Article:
3. Add a Non-Gallery Application.
  4. Call it `smallstep-usersync` or some other name you'll remember.

1. Assign your ssh and sudo groups with the application you just created

In your new application, under Users and Groups on the left:

  • Go to + Add User to create a new assignment.
  • Select your sudo and ssh groups.
  • Click Select on the bottom right.
  • Click Assign at the bottom left.

Your Users and Groups list should look something like this:

2. Create your directory

  • Now go into the Smallstep UI and create a directory.
  • Choose Azure AD as your identity provider.

3. Supply your credentials

Under Provisioning on the left:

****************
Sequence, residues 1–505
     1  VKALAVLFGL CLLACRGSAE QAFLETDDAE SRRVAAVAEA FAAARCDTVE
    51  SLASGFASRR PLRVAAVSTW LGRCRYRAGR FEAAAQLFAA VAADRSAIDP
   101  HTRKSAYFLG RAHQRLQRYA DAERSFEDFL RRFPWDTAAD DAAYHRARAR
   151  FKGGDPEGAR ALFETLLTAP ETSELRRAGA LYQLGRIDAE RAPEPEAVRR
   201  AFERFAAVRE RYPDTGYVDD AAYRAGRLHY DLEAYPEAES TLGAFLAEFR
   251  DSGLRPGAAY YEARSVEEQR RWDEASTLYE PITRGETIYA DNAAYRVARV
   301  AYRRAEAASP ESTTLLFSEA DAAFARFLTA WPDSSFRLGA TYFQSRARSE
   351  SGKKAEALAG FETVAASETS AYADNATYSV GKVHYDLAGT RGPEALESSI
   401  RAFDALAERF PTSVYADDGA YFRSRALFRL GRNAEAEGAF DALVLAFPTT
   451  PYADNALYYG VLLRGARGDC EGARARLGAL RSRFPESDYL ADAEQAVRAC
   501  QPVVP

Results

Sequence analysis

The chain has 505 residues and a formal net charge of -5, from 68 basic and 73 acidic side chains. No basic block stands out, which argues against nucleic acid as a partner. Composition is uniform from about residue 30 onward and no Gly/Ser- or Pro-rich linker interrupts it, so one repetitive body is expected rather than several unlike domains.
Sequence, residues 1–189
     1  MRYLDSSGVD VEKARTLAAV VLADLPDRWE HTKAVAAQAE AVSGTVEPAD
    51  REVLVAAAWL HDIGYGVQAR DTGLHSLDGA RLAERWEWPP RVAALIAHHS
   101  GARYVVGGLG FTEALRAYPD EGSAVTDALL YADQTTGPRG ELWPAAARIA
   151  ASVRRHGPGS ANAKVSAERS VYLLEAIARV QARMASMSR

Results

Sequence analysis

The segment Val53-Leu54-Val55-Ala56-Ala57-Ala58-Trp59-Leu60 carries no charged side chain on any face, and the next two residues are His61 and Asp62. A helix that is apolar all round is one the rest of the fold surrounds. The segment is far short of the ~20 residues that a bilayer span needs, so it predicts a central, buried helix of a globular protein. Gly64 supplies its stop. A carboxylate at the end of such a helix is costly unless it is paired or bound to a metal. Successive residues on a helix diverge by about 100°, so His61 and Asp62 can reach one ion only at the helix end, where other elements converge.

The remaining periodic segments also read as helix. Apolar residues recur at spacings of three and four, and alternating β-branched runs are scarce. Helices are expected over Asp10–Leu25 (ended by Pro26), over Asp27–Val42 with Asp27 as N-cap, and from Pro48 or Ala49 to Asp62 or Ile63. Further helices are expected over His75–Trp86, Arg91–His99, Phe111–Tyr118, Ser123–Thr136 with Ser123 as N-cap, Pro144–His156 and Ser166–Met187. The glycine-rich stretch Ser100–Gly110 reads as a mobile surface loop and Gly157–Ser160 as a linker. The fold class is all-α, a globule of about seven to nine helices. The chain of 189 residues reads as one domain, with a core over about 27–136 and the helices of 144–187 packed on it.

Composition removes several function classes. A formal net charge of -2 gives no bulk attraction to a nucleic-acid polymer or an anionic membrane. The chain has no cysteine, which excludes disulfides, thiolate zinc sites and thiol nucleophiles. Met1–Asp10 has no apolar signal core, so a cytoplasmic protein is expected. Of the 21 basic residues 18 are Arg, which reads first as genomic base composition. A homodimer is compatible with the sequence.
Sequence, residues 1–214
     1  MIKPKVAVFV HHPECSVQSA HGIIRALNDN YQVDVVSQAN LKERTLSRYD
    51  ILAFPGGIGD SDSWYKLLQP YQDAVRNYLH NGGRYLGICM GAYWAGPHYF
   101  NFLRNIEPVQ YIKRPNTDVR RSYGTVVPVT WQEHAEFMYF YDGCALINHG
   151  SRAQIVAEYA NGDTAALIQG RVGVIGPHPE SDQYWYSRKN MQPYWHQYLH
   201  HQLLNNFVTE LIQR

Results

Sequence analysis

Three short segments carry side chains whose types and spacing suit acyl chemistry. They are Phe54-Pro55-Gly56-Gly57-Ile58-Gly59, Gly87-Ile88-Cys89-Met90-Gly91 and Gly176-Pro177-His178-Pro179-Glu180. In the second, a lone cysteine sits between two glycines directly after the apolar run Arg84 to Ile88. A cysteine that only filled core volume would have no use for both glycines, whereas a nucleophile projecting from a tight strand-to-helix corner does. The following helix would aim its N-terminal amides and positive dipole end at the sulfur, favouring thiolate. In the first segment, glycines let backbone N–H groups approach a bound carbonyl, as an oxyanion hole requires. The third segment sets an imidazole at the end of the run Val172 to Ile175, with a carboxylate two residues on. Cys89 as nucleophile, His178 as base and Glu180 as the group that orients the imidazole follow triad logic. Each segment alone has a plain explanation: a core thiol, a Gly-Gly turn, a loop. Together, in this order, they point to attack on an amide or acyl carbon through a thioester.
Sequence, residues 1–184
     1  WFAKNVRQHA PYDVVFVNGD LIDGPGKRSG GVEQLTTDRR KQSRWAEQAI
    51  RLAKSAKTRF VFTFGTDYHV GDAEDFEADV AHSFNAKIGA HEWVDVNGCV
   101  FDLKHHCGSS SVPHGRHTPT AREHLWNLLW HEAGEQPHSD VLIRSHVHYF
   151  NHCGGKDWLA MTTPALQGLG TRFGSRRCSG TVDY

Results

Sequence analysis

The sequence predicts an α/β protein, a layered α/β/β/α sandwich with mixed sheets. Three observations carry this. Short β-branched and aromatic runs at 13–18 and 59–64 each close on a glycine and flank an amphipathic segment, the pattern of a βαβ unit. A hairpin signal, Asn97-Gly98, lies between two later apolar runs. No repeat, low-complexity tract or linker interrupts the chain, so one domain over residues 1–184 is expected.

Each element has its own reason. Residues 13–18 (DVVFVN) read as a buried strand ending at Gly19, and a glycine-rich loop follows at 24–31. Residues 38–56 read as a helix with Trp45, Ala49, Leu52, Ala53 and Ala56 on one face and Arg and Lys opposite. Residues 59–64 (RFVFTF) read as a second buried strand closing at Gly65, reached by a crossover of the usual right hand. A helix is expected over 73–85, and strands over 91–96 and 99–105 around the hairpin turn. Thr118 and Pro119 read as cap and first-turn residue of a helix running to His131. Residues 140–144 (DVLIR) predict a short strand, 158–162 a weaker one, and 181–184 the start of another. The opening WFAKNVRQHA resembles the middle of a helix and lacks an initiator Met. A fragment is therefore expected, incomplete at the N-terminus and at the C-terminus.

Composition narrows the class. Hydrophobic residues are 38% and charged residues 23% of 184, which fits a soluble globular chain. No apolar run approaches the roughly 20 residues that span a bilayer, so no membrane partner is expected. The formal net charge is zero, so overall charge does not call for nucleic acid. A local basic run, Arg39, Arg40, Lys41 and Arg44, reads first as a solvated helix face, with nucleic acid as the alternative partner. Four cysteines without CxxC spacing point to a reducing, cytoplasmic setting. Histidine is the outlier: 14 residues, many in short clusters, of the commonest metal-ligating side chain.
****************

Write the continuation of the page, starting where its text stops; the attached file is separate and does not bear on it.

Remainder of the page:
1. Set the provisioning mode to Automatic
  2. Expand Admin Credentials:
    • Supply the Tenant URL and Secret Token:
    • The Tenant URL will be
  3.<Smallstep user directory id>/v2
    • The SCIM secret token will come from the database. Run:
$ kubectl exec -n smallstep -it deploy/admin-tools -- bash
[inside the pod]
$ psql folk
> select token from scim_logins;
  • You can test the SCIM endpoint manually via:
$  curl -H "Authorization: Bearer [secret-token]"[directory-uuid]/v2/Users
  • Choose Test Connection and make sure that it works.

4. Create attribute mappings

Smallstep needs to see the right attributes when you sync your directory with us.

Expand Mappings

Click on Synchronize Azure Active Directory Users to customappsso

Under the Attributes Mappings section:

  1. Delete all attribute mappings except for displayName, mail, givenName, and surname
  2. Edit the userPrincipalNameattribute
    1. Mapping Type: Expression
    2. Expression: ToLower(Replace([userPrincipalName], , "(?<Suffix>@(.)*)", "Suffix", "", , ))
    3. Target Attributes: userName